Justice Breyer further expressed his concern that such a conclusion “threatens to change the nature of our merit-based civil service” system and “transform[]” independent ALJs into “dependent decision makers.” Foreshadowing a likely future case, Justice Breyer said he would resolve this issue by looking to congressional intent. According to Justice Breyer, because the Appointments Clause requires that Congress establish the appointment of officers “by Law,” Congress can play a significant role in determining who is an officer. He argued that Congress is restrained in its interpretation only to the extent that they attempt to create employees who exercise powers similar to one of the enumerated “principle Officers” of the Constitution (such as Cabinet secretaries or federal judges).

Justice Thomas’ Concurrence

Although he joined fully in the majority opinion, Justice Thomas’ concurrence, joined by Justice Gorsuch, would apply an originalist understanding to what it means to be an officer. His originalist definition of officer would greatly expand the number of employees requiring appointment under the Appointments Clause even to include those individuals that “performed only ministerial duties.”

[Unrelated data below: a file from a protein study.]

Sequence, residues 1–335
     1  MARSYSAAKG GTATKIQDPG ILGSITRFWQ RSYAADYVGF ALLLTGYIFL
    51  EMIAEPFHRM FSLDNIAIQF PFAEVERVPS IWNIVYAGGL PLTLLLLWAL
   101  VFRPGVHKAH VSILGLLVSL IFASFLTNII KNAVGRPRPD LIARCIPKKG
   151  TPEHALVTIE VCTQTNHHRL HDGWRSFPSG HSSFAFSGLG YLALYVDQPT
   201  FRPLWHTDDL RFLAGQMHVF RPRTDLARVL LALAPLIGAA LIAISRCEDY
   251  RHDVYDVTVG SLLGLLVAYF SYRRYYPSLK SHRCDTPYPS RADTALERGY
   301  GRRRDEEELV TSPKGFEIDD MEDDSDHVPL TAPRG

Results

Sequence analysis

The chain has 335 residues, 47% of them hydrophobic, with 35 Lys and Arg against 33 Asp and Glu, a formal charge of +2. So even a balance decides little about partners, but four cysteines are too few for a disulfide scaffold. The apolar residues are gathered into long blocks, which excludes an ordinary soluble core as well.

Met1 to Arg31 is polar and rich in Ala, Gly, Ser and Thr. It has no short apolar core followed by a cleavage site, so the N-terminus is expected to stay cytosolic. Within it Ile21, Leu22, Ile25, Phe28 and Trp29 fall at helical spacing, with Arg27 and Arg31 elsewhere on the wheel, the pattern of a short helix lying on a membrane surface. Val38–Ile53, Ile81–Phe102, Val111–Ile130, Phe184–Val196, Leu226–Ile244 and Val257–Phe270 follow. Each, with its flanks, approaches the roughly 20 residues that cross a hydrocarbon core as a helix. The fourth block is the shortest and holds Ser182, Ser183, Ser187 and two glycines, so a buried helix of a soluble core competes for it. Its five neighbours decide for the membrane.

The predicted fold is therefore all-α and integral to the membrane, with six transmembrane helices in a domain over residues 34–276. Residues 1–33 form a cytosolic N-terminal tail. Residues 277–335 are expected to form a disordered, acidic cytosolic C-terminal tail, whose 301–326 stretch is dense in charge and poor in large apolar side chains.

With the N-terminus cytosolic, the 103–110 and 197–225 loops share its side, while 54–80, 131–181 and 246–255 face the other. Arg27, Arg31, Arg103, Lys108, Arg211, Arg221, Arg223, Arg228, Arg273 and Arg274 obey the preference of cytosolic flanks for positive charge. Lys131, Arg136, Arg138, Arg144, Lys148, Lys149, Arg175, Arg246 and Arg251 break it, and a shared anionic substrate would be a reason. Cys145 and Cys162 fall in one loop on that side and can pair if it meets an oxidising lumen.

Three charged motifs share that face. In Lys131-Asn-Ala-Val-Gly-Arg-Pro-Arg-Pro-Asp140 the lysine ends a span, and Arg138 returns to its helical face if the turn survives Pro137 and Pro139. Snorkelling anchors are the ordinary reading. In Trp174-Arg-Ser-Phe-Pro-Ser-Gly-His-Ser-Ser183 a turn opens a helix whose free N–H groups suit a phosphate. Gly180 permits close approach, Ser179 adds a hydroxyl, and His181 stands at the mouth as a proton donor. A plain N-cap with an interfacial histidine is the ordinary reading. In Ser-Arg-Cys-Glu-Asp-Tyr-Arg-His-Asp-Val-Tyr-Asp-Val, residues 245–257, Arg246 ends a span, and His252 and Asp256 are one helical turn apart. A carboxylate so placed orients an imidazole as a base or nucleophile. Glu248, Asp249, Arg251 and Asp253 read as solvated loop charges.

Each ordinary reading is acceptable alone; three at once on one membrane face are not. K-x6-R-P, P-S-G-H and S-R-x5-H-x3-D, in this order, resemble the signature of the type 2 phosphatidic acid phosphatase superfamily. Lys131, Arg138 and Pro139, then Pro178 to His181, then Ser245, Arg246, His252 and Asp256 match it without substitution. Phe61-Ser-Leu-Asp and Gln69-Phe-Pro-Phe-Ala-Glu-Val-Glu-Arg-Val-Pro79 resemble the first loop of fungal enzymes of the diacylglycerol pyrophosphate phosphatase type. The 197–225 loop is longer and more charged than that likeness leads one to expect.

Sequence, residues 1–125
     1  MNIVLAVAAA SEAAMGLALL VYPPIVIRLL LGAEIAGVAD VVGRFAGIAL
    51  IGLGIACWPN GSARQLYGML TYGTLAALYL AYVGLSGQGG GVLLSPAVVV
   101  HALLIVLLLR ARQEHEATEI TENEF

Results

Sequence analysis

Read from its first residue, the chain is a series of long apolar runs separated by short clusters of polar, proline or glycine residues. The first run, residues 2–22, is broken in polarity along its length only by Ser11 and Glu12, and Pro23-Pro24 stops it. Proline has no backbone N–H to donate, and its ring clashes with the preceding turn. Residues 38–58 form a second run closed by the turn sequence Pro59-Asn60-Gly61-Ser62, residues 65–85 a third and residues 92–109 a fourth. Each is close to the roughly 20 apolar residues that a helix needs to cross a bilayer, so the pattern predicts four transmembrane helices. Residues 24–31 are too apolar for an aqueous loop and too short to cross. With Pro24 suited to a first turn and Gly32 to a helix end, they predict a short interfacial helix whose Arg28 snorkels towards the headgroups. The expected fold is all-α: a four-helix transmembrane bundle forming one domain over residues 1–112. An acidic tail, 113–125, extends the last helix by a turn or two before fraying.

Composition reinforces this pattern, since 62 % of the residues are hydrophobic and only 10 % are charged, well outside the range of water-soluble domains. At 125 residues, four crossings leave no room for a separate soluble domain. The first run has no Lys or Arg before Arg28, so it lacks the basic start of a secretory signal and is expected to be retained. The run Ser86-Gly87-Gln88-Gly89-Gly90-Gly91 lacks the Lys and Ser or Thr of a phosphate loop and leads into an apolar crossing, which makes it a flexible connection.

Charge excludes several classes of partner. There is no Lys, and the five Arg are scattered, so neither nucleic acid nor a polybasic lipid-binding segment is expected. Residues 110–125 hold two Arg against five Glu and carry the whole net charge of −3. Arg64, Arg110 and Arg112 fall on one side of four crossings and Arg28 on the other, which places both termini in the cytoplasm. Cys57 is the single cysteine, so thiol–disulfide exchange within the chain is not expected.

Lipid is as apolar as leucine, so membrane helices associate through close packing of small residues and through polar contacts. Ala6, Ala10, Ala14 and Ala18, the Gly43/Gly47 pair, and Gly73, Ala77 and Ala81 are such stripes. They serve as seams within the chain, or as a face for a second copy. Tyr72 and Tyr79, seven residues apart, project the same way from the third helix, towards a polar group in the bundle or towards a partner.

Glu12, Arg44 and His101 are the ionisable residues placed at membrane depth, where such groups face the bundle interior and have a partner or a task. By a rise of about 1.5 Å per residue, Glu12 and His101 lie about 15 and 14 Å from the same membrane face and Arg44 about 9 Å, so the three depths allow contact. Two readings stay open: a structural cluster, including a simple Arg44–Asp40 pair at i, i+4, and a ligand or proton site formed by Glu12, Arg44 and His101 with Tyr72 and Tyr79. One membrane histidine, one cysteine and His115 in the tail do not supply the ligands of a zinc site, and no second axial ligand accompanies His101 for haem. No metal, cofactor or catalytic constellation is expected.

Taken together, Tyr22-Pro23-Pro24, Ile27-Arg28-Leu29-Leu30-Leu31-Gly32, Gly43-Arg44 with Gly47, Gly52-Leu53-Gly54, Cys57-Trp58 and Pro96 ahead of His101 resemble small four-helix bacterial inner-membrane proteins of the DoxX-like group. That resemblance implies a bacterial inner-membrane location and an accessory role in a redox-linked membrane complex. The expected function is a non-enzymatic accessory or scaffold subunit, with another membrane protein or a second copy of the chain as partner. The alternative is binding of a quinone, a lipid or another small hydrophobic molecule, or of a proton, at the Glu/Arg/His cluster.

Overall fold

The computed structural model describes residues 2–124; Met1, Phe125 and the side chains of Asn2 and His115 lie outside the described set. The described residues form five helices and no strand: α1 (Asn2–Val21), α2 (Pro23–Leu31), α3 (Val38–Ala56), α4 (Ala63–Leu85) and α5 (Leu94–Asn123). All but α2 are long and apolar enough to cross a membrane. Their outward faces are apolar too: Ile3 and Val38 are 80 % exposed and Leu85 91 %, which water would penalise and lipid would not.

Justice Sotomayor’s Dissent

Joined by Justice Ginsburg, Justice Sotomayor agreed with the D.C. Circuit and the Commission that SEC ALJs are not officers because they could not issue final, binding decisions on behalf of the government.


In the wake of Lucia, the Commission issued an order to stay all pending administrative proceedings for thirty days presumptively to consider the decision’s full impact and its next steps. During this time the agency will consider at least three immediate issues. First, it has to ensure its five current ALJs are validly appointed. The SEC’s attempted fix in 2017—to retroactively ratify the appointment of its ALJs in about 100 pending proceedings, including opening of their records for additional fact-finding and argument—has not been tested, but will certainly be challenged if not changed. The Court was silent on the question of whether the SEC’s ratification effort was permissible or whether all of the ALJs must now be “appointed” by the Commission pursuant to the Appointments Clause; but it is unlikely the Commission will rest on its prior ratification if it believes it can take additional steps to protect itself in future cases.